What happened to Tiger Wood’s mojo?
Theories abound. Is it his new swing? Could it be his pursuit of technical precision at the expense of his natural talent and innate feel for the game? Is it the emotional distractions related to his current romantic relationship or his past marital scandals? Could it simply be an aching, aged body that is finally giving out after four knee surgeries and one back procedure?
I propose the hypothesis that Tiger Wood’s precipitous fall is rooted in something more profound, more deep-seated, more subconscious. Rather than being purely physical or entirely psychological, I offer a mind-body connection to explain Tiger’s meltdown. This perspective not only illuminates the underpinnings of his downfall, but it also holds the key to his recovery.
Tiger Woods is inarguably one of the greatest golfers of all time, a fact almost irreconcilable with his performance over the past 12 months. Holding one of the worst records on the 2015 Tour, it’s hard to believe the same golfer who won 79 official PGA tournaments managed only one top-25 finish in 2014. With Tiger’s one missed cut and one withdrawal marking his start to 2015, the New Year has failed to bring an upturn of any kind. One of the themes over this year’s tour has been Tiger’s withdrawals due to injury. In February, Tiger withdrew from Torrey Pines citing back pain as the reason. At the Farmers Insurance Open he withdrew claiming his back pain was due to gluteal muscles that were “deactivated.” Though on the surface it may be easy to attribute these physical ailments to a worn down body, they may actually be an indication of Tiger’s psychological state. Referring to Tiger’s withdrawal at Torrey Pines, 1991 British Open champion Ian Baker-Finch was quoted on an Australian radio program: “It’s a fear. It’s not the yips. It’s not a spasm. It’s a fear.” He isn’t too off the mark.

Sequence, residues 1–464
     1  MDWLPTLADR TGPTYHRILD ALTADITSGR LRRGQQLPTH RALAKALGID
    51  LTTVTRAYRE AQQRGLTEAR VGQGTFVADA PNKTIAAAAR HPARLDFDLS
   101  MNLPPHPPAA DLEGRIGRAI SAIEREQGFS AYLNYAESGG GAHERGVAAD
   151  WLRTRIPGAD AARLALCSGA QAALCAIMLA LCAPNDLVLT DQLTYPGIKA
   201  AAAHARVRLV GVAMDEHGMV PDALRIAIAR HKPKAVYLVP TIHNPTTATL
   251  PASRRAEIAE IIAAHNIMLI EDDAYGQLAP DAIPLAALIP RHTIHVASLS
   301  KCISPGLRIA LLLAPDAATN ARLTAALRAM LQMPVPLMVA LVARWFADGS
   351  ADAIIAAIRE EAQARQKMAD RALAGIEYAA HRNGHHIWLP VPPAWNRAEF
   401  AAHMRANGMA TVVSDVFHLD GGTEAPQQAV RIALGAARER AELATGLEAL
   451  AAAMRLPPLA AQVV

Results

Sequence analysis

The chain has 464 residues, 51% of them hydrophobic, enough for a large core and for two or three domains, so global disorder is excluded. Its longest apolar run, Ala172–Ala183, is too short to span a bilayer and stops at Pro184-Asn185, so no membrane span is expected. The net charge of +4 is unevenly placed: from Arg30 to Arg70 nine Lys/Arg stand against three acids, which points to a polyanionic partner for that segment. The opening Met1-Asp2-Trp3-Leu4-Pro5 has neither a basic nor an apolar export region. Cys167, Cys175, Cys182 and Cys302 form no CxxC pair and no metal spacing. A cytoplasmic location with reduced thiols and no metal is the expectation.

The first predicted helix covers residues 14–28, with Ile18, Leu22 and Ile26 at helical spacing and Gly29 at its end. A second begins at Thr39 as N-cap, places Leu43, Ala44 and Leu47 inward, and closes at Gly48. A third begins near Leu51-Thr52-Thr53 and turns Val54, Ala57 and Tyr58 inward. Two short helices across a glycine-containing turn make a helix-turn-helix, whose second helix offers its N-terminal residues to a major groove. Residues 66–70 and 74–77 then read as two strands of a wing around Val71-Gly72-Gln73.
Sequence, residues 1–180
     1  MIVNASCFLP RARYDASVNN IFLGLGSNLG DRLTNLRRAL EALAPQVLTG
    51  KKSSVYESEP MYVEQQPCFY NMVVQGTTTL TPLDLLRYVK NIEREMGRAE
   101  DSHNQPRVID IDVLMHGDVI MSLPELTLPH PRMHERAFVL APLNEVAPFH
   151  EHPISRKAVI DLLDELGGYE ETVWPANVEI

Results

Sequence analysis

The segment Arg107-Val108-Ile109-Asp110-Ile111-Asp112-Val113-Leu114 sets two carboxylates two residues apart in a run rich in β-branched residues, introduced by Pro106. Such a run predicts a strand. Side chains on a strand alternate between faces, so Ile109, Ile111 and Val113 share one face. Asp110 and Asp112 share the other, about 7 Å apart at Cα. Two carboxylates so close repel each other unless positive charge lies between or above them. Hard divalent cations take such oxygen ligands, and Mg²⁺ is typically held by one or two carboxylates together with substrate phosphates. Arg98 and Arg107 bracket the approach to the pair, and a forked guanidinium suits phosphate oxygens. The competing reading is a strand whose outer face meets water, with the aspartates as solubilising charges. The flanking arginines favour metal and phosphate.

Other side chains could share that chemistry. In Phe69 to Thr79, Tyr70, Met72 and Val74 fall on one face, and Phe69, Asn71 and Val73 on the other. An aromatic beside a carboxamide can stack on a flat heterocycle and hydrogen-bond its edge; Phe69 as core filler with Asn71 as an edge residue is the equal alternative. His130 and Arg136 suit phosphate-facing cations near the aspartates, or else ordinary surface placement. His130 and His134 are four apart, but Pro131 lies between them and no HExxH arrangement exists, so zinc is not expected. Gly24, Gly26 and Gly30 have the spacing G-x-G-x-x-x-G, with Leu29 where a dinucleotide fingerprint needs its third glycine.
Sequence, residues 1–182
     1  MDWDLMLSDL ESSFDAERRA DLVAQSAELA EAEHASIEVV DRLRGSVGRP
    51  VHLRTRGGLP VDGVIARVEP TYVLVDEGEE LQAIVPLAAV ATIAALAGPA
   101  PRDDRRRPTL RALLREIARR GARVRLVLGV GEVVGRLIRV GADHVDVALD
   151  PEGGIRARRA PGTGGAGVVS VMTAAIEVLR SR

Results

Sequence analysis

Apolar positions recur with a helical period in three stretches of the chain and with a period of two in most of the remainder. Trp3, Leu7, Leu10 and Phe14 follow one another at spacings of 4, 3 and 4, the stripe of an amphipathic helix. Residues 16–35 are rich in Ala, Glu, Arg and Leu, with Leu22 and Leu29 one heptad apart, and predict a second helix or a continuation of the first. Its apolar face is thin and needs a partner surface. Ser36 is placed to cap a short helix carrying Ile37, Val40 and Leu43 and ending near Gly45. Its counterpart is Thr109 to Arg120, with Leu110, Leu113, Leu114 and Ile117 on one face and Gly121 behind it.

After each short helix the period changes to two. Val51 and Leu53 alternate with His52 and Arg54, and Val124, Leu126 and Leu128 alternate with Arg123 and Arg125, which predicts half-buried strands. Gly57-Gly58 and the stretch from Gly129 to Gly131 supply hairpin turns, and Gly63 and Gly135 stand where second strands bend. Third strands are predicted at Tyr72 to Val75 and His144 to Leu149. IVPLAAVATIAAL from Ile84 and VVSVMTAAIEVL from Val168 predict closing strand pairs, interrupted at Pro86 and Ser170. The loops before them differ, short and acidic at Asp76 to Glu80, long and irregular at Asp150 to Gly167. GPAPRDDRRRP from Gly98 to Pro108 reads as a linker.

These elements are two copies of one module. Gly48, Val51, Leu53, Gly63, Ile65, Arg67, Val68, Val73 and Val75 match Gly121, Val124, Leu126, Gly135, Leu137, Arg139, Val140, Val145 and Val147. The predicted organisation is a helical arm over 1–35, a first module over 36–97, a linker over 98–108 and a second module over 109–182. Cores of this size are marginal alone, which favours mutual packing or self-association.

Let’s consider Tiger Wood’s staggering decline in the world of golf from a trauma-based psychosomatic perspective. I imagine that you are asking yourself, how is an approach to addressing trauma applicable to Tiger Woods? “Trauma” can be defined as any event that leads to a state of extreme stress or overwhelm. For Tiger, the constant daily pressure that comes with being one of the most well-known golfers in the world, the emotional upheaval following the widely publicized scandal surrounding his infidelity, and the relentless scrutiny that comes with every poor performance, failure to make the cut, or withdrawal from a tournament, all constitute psychological traumas. These experiences represent stressful and overwhelming situations that Tiger is unable to escape from. The psychological toll they have on him is immense. Over time they have compounded on one another, continuing to build up inside of his body. Now, every time he is on the green, it triggers a negative feedback loop. It is this vicious cycle that is severely impairing his ability to perform.
Now, how can this theory also be the premise for his comeback? I believe that Tiger can emerge from this state of decline through an approach known as Somatic Experiencing (SE). SE is a specific approach to working with trauma that relies on the body’s instinctive capacity to heal as the means to regain a sense of inner balance and control over one’s life that is often lost in the aftermath of trauma. Using mind-body awareness combined with dynamic processing may help Tiger move through the debilitating symptoms he has been experiencing over the past year. This approach has the potential to not only help Tiger, but other top rated athletes who experience a decline in performance and hope to once again perform at the top of their game.